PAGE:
I normally wouldn't feel bad for Dodgers fans. I'm still hurting from the '81 World Series when my Yankees had a 2-0 series lead but lost four straight after playing without an injured Reggie Jackson and playing with Dave Winfield and his impotent bat. Not to mention Aurielio Rodriguez at third instead of Graig Nettles and the unforgettable image of Fernando Valenzuela's eyeballs rolling up to the heavens during each pitch as if to say, "Thank you God for letting me get these guys out with this Mexican League crap."

Anyway, today's a new day. California's a beautiful place, and with former Yankee great Donnie Baseball getting his managerial feet wet, I gotta have at least some sympathy for the Dodger faithful.

This War of the Roses-like courtroom fight over control of the franchise bewteen Frank and Jamie McCourt has strangled the ability of the front office to spend money to improve the team.

Because my own mom royally screwed my dad in an ugly divorce when I was a kid, I usually side with the guy in such matters. But this one's different. He was a cab driver.
I see Frank McCourt as Dennis Kozlowski wearing a Dodgers hat. You know, the former CEO of Tyco, now a convicted thief who "misappropriated" $400 million in company funds, and allegedly had the company pay $30 million for his NYC apartment and spent $1 million for his wife's 40th birthday party on the Italian island of Sardinia.
McCourt has apparently double-talked his way into bleeding this storied franchise dry. And now Jamie is asking a judge to order the sale of the team because her ex-husband has brought the team "to the brink of financial ruin."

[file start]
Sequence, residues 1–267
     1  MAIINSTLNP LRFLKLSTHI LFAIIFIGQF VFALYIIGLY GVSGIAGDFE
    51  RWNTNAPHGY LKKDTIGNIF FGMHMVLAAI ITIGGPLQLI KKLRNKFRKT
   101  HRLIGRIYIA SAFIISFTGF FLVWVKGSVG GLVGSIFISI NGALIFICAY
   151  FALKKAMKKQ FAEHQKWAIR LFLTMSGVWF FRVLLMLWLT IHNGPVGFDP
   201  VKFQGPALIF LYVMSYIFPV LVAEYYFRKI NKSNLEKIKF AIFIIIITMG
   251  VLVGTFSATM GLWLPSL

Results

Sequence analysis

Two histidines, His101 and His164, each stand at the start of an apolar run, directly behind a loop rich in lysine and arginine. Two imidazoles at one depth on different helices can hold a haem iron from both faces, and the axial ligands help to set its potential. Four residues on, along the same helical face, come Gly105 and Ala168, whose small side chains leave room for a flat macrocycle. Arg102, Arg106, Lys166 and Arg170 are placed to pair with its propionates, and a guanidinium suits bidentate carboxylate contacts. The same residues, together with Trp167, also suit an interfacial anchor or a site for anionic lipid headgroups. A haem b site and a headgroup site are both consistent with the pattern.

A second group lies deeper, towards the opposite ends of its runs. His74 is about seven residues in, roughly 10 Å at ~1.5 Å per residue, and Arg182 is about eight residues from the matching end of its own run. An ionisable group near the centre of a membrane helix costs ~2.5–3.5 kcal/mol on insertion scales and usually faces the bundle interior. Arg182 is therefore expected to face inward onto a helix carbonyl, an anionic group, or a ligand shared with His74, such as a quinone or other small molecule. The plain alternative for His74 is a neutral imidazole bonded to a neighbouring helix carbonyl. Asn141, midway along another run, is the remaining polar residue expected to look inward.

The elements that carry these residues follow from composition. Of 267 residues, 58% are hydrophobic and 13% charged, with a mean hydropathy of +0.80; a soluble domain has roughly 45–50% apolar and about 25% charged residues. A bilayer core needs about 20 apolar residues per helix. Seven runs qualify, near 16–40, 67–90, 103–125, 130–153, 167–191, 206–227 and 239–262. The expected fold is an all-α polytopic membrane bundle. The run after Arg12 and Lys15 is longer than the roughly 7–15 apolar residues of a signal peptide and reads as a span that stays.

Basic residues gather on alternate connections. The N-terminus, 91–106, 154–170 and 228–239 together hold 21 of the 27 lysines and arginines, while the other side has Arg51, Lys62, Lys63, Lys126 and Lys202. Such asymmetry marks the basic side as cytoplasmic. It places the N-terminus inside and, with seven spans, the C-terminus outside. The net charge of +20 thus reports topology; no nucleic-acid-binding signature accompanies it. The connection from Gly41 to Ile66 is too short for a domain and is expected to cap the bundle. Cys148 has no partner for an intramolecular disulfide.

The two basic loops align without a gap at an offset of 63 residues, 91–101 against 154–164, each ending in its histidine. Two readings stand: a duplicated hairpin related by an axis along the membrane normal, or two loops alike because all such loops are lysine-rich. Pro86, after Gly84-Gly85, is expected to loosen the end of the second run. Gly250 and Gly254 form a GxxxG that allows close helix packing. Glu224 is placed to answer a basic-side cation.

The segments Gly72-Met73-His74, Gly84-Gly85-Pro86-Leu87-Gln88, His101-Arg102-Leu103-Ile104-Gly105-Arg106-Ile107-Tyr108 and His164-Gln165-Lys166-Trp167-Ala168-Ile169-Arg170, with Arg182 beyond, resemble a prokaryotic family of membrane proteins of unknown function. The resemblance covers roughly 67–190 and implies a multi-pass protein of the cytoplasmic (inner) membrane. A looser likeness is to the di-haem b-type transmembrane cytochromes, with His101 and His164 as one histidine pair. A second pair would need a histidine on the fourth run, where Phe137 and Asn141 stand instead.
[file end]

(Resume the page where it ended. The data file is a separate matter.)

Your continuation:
Of course she's no angel either. She wants top dollar and a quick sale, probably so she can take her loot and make off with some office intern to her own Italian island. Her lawyers say the Dodgers and its properties could be worth more than $2 billion.

Less than a month ago, baseball commish Bud Selig appointed former Texas Rangers President Tom Schieffer to oversee the team's finances. Baseball officials say McCourt wasn't able to make the May 31st player payroll. He says everything would work out fine if only Selig would let his television deal with Fox, that he says could be worth more than $3 billion,  go through.

It looks like MLB didn't do enough due dilligence when deciding whether Frank McCourt would be a financially stable owner. And because of that dark rain clouds will continue to hover over Dodger Stadium.

A $30,000 umbrella stand anyone?

Tuesday, May 17, 2011

He Spoke When Spoken To